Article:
Non-Prima Facie Speed Limits

When the prima facie limit is considered too high on a county road, the State Police, in conjunction with the road commission and local township board, conduct a speed study to determine the "reasonable and proper" speed for the road.


Road agencies around the country have established standardized methods for conducting speed studies. These methods include: 

  • Accident rates
  • The character of the street (whether there are sidewalks, the number of driveways, sight obstructions, etc.)
  • Engineering and traffic studies that examine such things as current traffic speed
  • Pedestrian activities
  • Potential hazards that might not easily be detected by drivers
  • Traffic volume

In most cases, speed limits are based on the speed that the majority of the existing traffic is traveling. This is called the "85th percentile rule." This rule, which is used nationwide, dictates that whatever speed 85 percent of the traffic is traveling is the appropriate speed for the location under study.

The theory is that most drivers are responsible and will accurately judge on their own the proper speed for the conditions of the road.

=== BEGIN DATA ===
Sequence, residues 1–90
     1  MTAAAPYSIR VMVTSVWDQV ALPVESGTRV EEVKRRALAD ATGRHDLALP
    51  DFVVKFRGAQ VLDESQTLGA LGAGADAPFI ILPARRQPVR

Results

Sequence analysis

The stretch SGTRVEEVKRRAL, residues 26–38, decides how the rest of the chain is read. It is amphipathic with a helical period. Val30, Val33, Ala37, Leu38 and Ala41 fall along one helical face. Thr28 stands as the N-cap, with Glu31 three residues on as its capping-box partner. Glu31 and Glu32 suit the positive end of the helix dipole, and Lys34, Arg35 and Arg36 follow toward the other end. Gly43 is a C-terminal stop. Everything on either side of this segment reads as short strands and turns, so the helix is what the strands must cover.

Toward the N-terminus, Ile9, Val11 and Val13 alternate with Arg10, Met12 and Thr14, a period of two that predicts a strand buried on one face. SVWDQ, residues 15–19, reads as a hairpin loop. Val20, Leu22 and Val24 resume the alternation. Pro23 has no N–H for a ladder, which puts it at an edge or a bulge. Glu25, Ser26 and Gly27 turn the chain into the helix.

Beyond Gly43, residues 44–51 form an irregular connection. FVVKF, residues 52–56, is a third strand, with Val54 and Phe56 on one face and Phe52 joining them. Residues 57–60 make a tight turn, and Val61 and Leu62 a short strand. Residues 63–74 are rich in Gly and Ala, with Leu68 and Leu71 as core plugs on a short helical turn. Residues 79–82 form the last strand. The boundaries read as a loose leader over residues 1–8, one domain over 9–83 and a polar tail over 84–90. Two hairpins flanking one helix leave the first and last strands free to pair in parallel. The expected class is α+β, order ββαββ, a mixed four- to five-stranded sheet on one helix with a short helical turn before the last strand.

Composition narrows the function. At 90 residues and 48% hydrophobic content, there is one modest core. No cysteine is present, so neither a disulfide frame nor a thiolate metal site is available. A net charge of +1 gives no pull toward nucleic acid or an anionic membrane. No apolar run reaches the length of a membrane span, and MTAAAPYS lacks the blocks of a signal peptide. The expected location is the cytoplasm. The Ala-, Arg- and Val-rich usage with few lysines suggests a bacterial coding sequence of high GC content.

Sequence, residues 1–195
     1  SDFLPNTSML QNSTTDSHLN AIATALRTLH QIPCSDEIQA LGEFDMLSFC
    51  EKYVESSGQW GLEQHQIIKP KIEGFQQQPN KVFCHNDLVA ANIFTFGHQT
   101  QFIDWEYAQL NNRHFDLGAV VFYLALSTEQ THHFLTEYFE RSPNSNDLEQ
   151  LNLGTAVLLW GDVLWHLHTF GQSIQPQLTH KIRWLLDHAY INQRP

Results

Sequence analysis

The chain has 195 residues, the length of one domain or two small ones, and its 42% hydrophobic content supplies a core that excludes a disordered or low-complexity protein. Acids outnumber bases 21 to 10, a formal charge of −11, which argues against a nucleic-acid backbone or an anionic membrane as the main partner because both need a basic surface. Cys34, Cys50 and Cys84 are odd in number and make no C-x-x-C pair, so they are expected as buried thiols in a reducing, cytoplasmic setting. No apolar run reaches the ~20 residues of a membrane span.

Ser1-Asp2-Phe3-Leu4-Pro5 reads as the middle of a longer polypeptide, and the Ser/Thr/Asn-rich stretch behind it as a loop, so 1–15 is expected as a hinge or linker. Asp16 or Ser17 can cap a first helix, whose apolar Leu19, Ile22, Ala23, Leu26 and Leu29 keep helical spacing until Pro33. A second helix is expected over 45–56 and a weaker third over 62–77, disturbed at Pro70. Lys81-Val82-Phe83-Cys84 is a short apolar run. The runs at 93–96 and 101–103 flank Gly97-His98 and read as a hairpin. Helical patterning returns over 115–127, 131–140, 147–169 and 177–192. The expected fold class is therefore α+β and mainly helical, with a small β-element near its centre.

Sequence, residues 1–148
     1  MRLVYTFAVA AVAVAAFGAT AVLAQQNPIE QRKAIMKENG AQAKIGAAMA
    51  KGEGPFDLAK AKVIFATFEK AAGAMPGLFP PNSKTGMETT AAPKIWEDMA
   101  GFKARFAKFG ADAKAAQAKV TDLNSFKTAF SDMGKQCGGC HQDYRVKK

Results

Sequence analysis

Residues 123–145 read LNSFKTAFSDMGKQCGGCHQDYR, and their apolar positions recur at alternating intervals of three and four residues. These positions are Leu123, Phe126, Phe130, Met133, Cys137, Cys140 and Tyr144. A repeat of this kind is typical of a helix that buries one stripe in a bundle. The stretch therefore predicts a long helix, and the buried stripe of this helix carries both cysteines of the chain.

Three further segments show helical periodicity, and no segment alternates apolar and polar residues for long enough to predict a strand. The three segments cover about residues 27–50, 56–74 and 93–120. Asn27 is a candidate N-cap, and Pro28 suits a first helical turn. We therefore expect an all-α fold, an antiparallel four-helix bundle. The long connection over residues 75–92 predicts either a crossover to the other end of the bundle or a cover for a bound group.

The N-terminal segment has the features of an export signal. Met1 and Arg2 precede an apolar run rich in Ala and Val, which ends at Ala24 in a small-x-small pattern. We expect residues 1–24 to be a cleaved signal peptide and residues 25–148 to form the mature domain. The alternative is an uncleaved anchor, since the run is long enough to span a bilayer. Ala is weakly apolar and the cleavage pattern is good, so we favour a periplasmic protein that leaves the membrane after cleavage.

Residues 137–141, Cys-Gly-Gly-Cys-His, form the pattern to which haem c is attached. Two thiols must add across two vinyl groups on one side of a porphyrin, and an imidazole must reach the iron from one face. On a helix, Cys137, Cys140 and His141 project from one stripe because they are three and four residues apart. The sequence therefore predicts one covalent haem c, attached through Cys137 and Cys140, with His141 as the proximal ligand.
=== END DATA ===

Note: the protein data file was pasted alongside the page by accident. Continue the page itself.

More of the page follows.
Drivers slow down where there are curves and hills and/or other factors that might affect vehicle control or sight distance, and will go faster where the road is straight and level with no sight obstructions.

85th Percentile

The 85th percentile rule is based on the following: 

It is generally agreed that with no traffic controls, the driver would adopt a reasonable speed for the prevailing conditions. Further, it is sometimes assumed that a certain percentage (usually 15 percent) of drivers will normally exceed a safe and reasonable speed.

To get an enforceable speed limit set or changed on a county road, it is necessary that the state police conduct a speed study and that the state police and the Road Department concur on the speed limit. Unless the state police concur with the proposed speed limit, it is not legally enforceable.

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